Conti Urges European Adoption of 10% Deviation TPMS
The European Commission has ruled that tyre pressure monitoring systems are to be a mandatory on all new vehicles as of 2012. With this deadline only three years away, Continental is urging the adoption of systems that give precise measurements and alert drivers as soon as even slight levels of underinflation are detected.
“About 90 per cent of all tyre defects are attributable to a slow leak in tyre pressure,” comments Conti spokesman Alexander Lührs. He adds that one third of cars on the road in Continental’s home market of Germany have at least one underinflated tyre, and this problem is mirrored throughout Europe. If the tyres on each of these vehicles were correctly inflated, vehicle running costs in Europe alone could be reduced by £3.1 billion a year. Vehicle braking distances would also decrease.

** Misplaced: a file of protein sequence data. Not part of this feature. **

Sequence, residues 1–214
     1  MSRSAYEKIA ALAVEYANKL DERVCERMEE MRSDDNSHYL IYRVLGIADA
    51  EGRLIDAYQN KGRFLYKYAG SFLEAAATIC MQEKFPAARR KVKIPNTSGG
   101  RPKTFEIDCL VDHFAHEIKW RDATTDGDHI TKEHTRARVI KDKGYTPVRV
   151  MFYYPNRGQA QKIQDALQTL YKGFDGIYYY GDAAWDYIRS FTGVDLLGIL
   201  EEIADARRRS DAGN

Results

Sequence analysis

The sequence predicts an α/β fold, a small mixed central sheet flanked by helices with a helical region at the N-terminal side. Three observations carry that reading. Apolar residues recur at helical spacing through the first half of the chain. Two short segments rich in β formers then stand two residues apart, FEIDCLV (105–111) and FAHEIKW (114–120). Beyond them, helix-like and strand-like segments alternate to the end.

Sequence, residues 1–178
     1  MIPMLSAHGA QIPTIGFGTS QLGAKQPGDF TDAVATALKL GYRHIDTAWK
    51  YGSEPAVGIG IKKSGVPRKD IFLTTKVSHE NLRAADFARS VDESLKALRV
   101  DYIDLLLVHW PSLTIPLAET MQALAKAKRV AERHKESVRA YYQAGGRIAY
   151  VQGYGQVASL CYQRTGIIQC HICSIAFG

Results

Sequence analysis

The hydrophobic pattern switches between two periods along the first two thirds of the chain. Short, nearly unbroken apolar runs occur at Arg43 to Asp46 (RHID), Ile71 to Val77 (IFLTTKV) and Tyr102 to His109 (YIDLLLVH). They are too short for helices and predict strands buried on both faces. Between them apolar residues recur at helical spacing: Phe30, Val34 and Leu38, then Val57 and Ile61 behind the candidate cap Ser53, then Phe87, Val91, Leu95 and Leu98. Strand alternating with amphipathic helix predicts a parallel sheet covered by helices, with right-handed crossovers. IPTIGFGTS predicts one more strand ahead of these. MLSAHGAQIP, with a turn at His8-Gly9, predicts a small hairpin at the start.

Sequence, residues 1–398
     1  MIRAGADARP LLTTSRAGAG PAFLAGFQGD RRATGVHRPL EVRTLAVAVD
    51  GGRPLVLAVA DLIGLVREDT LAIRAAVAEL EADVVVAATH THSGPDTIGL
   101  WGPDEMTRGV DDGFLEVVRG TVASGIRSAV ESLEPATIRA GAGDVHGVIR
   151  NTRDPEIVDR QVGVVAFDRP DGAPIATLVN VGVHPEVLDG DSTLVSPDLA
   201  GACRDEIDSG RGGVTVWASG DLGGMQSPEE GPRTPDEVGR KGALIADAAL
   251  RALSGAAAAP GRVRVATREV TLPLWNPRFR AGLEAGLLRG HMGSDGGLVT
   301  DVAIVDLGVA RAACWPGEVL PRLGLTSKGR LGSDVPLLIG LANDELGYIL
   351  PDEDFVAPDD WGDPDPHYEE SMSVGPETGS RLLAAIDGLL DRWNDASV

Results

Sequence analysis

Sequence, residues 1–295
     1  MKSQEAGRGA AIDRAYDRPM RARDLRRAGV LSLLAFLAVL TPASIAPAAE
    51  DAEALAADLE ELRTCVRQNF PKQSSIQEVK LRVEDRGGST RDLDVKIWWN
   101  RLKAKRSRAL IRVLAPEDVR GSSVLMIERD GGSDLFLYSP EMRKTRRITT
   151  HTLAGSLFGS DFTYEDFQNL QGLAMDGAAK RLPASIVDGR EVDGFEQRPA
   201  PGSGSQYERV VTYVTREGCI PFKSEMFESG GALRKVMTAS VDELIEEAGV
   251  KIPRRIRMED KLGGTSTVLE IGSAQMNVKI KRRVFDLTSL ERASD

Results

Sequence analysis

Conti’s chassis and tyre engineering experts urge the adoption of a low warning threshold for underinflation conditions in order to increase vehicle safety and minimise the number of tyre failures. The German tyre and automotive systems manufacturer is pressing for a compulsory tyre pressure monitoring system that alerts the driver as soon as the pressure in at least one of the tires shows a 10 per cent deviation from the recommended inflation pressure. At the same time, Conti’s experts warn against being too lax when formulating the technical standards: It is important to recognise that if legislation was to provide for a low pressure warning threshold of as much as 25 per cent, an increasing number of drivers would drive around on underinflated tyres simply because manual tyre checks would be regarded as being inconvenient. This would then severely affect the running costs, fuel efficiency and vehicle safety, comments Continental.